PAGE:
"Researchers estimate that about 0. 5 to 1 percent of young women in the United States have anorexia nervosa as it is clinically defined -+ by the American Psychiatric Association" (Microsoft 1). Anorexia Nervosa is a national epidemic that is not only exclusive to the females in our society. Anorexia Nervosa is a mental illness where the patient has an intense fear of gaining weight and an imprecise perception of their body size and shape. Someone with anorexia nervosa is going to eat less and often exercise excessively. A person with anorexia nervosa will also will see himself or herself as overweight even when they are so underweight that they are seriously endangering their health.

The purpose of this paper is to examine the different aspects of anorexia nervosa and possible treatments and cures, from the psychological standpoint. Anorexia nervosa is predominantly found in women. Although, more than 90 percent of cases involve women, the other 5 to 10 percent are found in men (Microsoft 1). This number is believed to actually be higher, but many would not as easily recognize this disorder in men since the disorder is so associated with women. Many of the symptoms are psychological in origin. One such symptom is the belief that if the patient is thin then happiness, fame, and wealth will come to them.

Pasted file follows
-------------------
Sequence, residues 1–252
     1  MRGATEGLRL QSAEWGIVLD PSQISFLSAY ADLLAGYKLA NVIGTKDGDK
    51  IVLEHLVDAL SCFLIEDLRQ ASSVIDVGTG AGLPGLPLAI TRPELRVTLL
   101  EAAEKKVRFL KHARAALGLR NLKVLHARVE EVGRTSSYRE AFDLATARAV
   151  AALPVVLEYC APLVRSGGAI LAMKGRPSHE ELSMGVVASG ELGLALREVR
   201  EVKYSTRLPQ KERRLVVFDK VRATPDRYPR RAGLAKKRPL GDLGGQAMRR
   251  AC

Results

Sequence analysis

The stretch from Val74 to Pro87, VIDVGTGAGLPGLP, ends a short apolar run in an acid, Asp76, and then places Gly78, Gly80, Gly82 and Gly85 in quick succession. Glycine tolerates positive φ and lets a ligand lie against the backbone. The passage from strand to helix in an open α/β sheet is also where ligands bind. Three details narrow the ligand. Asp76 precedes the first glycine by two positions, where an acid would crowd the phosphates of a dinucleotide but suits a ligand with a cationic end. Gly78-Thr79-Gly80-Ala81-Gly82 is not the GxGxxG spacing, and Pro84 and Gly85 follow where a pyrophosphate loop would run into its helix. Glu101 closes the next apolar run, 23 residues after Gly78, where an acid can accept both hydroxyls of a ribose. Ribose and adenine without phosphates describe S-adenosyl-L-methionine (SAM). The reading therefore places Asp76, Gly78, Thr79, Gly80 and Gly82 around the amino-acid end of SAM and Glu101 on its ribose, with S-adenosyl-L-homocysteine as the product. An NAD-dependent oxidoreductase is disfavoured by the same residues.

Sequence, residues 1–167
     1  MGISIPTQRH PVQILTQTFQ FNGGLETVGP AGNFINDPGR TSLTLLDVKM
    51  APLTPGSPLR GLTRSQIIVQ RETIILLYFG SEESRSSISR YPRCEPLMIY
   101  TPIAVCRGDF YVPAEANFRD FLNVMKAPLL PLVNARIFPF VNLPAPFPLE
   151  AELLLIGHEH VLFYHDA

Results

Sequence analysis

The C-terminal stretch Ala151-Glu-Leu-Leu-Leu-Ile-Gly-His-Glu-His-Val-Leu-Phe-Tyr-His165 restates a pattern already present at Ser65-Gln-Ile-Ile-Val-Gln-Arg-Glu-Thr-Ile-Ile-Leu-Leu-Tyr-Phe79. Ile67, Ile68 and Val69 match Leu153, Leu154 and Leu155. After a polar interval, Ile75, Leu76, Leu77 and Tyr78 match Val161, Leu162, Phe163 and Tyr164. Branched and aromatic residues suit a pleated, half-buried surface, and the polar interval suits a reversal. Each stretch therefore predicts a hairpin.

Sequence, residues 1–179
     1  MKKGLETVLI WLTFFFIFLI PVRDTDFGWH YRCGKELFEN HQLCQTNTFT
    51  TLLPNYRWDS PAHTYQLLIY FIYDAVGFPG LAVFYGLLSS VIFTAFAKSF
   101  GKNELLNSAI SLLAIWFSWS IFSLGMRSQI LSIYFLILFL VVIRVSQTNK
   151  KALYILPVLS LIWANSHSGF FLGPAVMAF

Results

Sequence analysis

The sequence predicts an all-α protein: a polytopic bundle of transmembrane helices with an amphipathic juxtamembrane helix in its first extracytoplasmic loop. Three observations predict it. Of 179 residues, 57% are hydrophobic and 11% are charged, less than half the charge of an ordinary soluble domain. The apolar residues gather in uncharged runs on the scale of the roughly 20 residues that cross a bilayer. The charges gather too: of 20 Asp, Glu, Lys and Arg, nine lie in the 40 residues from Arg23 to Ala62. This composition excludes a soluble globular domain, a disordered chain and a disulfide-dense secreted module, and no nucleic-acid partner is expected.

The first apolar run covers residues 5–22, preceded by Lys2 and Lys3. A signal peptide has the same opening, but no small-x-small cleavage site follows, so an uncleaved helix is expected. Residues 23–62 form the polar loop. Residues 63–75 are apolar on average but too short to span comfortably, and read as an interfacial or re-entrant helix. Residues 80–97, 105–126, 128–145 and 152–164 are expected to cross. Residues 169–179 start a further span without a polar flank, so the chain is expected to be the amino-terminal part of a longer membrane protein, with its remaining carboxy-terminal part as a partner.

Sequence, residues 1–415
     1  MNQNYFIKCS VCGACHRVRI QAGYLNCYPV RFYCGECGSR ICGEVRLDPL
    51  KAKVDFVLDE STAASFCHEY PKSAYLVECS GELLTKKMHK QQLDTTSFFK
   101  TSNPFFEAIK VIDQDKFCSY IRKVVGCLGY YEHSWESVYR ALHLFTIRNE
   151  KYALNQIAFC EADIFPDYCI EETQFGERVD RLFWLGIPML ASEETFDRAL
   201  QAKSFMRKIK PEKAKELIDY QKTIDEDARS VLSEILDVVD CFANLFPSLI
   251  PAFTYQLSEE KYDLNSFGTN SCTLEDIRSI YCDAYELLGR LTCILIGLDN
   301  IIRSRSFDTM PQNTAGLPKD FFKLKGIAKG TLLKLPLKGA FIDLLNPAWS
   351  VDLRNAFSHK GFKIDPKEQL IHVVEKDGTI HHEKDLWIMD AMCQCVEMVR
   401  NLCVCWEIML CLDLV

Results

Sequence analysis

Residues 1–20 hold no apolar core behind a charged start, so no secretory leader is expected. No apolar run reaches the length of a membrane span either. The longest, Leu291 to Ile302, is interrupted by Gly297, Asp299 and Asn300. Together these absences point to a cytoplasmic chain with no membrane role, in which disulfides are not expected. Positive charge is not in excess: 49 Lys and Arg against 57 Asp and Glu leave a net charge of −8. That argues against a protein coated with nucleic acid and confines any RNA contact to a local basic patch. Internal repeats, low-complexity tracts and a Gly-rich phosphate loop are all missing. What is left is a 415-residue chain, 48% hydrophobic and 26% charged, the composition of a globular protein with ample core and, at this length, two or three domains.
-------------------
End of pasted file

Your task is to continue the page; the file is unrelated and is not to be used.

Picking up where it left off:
Many of these people look to stars in Hollywood such as the actress that plays Alley McBeal on the hit TV drama, Alley McBeal. The successful lawyer has many friends and is often sot after by men. This is one example of many of how Hollywood places an overemphasis on thinness to be beautiful. This leads many young woman and a few young men to become thin.

Through this course, they over exercise and under eat to get the results they wont. In the process of becoming thin, they lose site of the goal and often continue believing they always overweight and in essence ugly. This is a downward spiral that is often part of not having enough self-esteem or self-happiness. Low self esteem and depression is a couple of other symptoms of anorexia nervosa. This self-perception often would lead the patient to try to be more like the stars of Hollywood. Peer pressure could also contribute to the problem.

Although many things could lead to the low self-esteem, parents should watch for it, no matter the cause. "The person thinks he or she weighs too much even though family, friends or health professionals tell them their weight is OK, or that they are too thin" (Web 1). Although one might think that anorexia nervosa is contained within only young people, it is a serious health risk and problem in people over 60 years of age. Many reasons could be contributing to people over 60 to become an anorexic. This is more serious of a problem with the elderly and many don't recognize it. "There has been a real bias in psychiatry and psychology, in terms of looking at people between the ages of 18 and 65.